Earl of Orkney (1136-1158) and leader of a crusade to the Holy Land in 1151-1153.
Born around 1099, Kali Kolsson, as he was originally known, belonged to a family that had ruled Orkney as a semiindependent earldom under the Norwegian Crown since the tenth century. Although he was born and grew up in Norway, Kali had a claim to the earldom of Orkney through his mother Gunnhild, sister of the martyred earl St. Magnus I Erlends- son (d. 1115). In 1129 Kali’s title to half of Orkney was recognized by Sigurd, king of Norway, and at this time he adopted the name of Rognvald, after an eleventh-century earl. Rognvald contracted an alliance with William the Old, bishop of Orkney, and Maddad, earl of Atholl, who was married to Margaret, sister of the ruling earl, Paul II Hakonsson (1123-1136). This alliance enabled Rognvald to mount a successful invasion of Orkney in 1135, capturing and disposing of Earl Paul. Rognvald’s rule as earl was marked by his promotion of the cult of St. Magnus, notably in the construction of a new cathedral dedicated to him at Kirkwall.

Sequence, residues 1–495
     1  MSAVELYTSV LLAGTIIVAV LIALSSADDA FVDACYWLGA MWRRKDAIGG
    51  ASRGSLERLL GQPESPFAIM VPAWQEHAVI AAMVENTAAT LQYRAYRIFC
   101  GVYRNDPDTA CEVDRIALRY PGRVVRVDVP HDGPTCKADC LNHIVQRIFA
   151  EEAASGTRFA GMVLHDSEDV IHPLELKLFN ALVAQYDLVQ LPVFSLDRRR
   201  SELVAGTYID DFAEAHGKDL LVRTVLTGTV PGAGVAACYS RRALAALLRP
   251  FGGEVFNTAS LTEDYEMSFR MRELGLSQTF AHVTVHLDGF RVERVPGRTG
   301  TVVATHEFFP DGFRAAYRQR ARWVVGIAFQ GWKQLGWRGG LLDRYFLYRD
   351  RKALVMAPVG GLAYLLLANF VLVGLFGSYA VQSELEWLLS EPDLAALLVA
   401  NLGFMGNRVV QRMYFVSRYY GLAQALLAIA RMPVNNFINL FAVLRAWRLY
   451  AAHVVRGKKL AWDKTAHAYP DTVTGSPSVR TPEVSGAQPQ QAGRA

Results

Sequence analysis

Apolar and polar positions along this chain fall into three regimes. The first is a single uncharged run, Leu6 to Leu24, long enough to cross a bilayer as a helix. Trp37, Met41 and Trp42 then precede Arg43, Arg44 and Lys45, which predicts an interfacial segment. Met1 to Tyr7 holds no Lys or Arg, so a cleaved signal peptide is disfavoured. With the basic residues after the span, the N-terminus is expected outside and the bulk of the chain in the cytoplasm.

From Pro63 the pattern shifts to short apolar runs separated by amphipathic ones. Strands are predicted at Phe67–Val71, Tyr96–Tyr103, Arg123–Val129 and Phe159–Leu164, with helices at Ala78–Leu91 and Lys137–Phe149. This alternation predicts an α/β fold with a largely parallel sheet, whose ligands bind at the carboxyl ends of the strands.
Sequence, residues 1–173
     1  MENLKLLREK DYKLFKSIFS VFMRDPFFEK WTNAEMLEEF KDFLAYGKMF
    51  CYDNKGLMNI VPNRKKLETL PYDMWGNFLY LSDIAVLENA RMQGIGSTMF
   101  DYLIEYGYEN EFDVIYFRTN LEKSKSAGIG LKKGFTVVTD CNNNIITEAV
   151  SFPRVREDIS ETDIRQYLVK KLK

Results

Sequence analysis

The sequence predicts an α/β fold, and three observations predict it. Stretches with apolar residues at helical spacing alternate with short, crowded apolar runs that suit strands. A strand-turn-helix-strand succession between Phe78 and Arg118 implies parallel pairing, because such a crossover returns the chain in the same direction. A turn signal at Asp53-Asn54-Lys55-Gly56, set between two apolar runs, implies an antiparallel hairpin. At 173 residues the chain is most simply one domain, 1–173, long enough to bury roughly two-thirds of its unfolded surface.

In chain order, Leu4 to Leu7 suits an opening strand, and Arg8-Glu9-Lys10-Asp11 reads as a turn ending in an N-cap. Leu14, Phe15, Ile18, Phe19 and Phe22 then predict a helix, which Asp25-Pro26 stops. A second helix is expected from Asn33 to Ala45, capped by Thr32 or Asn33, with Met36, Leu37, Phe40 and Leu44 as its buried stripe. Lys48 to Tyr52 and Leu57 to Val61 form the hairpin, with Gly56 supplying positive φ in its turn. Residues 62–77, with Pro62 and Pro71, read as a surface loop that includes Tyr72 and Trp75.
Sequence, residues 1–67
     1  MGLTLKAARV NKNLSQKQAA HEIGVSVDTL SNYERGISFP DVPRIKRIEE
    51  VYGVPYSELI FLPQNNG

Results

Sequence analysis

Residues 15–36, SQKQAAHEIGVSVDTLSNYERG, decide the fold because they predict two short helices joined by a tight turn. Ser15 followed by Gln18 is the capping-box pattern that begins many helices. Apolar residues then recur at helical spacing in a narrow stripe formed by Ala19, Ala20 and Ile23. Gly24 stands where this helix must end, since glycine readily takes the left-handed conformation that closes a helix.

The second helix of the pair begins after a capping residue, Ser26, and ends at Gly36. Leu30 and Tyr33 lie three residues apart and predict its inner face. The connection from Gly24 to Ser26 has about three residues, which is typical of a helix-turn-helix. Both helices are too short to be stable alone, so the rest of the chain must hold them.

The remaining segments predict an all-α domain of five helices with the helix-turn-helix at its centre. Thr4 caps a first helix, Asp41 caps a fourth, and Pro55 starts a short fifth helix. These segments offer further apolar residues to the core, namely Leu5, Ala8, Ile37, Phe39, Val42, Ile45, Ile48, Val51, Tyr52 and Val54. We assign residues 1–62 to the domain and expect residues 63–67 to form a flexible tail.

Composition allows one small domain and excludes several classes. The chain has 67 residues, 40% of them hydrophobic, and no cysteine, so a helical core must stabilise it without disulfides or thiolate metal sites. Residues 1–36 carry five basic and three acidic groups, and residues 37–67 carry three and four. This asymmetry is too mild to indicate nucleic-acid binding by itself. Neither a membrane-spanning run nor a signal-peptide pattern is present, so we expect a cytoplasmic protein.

In 1150 Rognvald decided to embark on an expedition to the Holy Land. He left Orkney in the charge of Maddad’s son Harald, whom he had accepted as joint earl in 1138. Rognvald’s decision was influenced by one Eindredi Ungi, a Norwegian with extensive experience in the East, who evidently hoped to recruit Norsemen for service in the Varangian units of the Byzantine emperor. The timing of the expedition suggests that it may also have been connected with wider (but ultimately fruitless) efforts in 1150 to launch a new crusade in response to the advances of Nûr al-Din in northern Syria. Rognvald’s crusade is described somewhat confusedly in the Orkneyinga Saga, but its itinerary can be reconstructed with reasonable certainty. Crusaders from Orkney and Norway, including Bishop William and Eindredi, sailed from Orkney with 15 ships in the summer of 1151, and, after a short stay in Galicia, on to southern France. They wintered in Narbonne, giving military assistance to Aimery, count of Narbonne, against his enemies. Eindredi went on to Constantinople (mod. Istanbul, Turkey), but Rognvald and the others sailed for the Holy Land in early 1152, capturing en route a Muslim ship of the type known as a dromon. These proved to be the only warlike activities of the Orkney crusaders. In August 1152 they visited Jerusalem and the river Jordan, and returned home via Constantinople, Italy, Denmark, and Norway. Rogn- vald arrived in Orkney by Christmas 1153 to find the earldom being disputed between Harald Maddadsson and Paul II’s nephew, Erlend III Haraldsson (1151-1154). A period of civil war between the three earls ended in 1154 when Rognvald and Harald joined forces and captured and killed Erlend. Four years later Rognvald himself was killed as the result of a feud while hunting in Caithness.